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By November 6, 2014 Read More →

AMERICAN BAYREUTH: The 1914 Peterborough Festival

[reposted from the Library of Congress: In the Muse Performing Arts Blog]

Peterborough Festival Program Cover

Program cover for the 1914 Peterborough Festival. Edward and Marian MacDowell Collection, Music Division, Library of Congress.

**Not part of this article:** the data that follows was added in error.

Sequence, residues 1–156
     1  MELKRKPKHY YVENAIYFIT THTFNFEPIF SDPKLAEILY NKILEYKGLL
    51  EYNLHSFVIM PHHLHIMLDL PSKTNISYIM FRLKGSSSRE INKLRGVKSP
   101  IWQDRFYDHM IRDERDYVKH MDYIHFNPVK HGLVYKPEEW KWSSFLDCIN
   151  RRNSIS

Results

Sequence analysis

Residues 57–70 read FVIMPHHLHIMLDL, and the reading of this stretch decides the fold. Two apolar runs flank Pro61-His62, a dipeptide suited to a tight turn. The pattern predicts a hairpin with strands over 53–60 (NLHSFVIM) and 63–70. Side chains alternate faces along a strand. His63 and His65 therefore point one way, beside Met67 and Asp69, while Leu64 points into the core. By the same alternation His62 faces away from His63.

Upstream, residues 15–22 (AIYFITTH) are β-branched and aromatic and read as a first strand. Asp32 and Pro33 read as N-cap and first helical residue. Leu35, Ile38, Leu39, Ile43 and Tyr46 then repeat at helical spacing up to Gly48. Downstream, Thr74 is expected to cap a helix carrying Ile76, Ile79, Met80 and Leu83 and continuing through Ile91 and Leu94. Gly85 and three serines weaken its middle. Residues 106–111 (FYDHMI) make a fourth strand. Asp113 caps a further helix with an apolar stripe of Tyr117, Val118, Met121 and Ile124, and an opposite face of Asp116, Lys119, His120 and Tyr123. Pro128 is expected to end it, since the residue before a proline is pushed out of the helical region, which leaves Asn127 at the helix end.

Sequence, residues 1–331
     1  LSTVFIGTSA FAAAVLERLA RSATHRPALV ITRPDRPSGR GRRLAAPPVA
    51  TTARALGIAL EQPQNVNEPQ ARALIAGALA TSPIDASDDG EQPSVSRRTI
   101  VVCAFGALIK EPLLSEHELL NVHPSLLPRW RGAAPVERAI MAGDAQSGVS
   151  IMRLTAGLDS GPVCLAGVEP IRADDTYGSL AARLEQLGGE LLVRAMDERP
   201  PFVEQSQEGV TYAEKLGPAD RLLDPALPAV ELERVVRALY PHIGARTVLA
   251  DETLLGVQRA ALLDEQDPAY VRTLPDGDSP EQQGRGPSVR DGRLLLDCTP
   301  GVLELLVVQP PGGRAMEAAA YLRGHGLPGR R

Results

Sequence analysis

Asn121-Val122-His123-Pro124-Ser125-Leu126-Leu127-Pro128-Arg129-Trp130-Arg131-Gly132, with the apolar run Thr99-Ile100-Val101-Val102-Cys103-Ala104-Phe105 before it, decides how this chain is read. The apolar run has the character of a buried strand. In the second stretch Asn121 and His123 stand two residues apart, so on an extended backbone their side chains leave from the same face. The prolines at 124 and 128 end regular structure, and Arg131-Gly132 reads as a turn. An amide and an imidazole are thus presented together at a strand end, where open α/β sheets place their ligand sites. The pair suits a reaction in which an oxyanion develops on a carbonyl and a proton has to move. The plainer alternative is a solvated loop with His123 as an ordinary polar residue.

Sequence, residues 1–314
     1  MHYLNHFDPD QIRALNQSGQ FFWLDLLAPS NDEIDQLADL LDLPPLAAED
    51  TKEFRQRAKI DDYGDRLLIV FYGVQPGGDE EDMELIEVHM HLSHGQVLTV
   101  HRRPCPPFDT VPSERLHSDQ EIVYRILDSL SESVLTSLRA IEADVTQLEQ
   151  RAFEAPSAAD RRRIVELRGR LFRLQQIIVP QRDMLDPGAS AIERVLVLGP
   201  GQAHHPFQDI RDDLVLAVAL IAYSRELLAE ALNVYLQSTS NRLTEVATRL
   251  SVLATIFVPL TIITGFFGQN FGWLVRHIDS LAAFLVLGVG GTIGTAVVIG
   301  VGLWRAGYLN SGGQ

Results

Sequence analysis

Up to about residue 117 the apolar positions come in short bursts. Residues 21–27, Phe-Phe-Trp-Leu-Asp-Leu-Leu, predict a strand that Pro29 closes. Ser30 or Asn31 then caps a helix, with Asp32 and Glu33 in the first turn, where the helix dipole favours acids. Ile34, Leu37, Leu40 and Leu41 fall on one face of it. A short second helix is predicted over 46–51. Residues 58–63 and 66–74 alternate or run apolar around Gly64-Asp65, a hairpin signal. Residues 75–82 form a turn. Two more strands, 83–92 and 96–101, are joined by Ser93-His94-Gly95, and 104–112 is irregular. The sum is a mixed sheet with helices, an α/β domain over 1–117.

For five days in August in 1914, thousands of people descended on the tiny village of Peterborough, New Hampshire to attend the fifth summer festival of music and drama produced by the Edward MacDowell Memorial Association.  Inaugurated in 1910, these annual festivals were the brainchild of Marian MacDowell, the widow of composer Edward MacDowell, whose premature death from a crippling nervous disease in 1908 stirred the sympathy of the nation.  Marian MacDowell had promised her late husband that she would carry out their plan to turn their New Hampshire farm into an artists’ colony–today’s prestigious MacDowell Colony–and her summer festivals helped to spread the word and draw new talent to the creative community.  Critics praised the productions from the beginning, and speculated that Peterborough might become the “Bayreuth of America.”  But unlike the famous Bayreuth Festival, with its exclusive Wagnerian repertoire, the Peterborough festivals were more than a paean to Edward MacDowell.  They were designed to promote new talent, especially the works of living American composers.  The 1914 festival was the most ambitious yet. [read the full blog on the Library of Congress web site]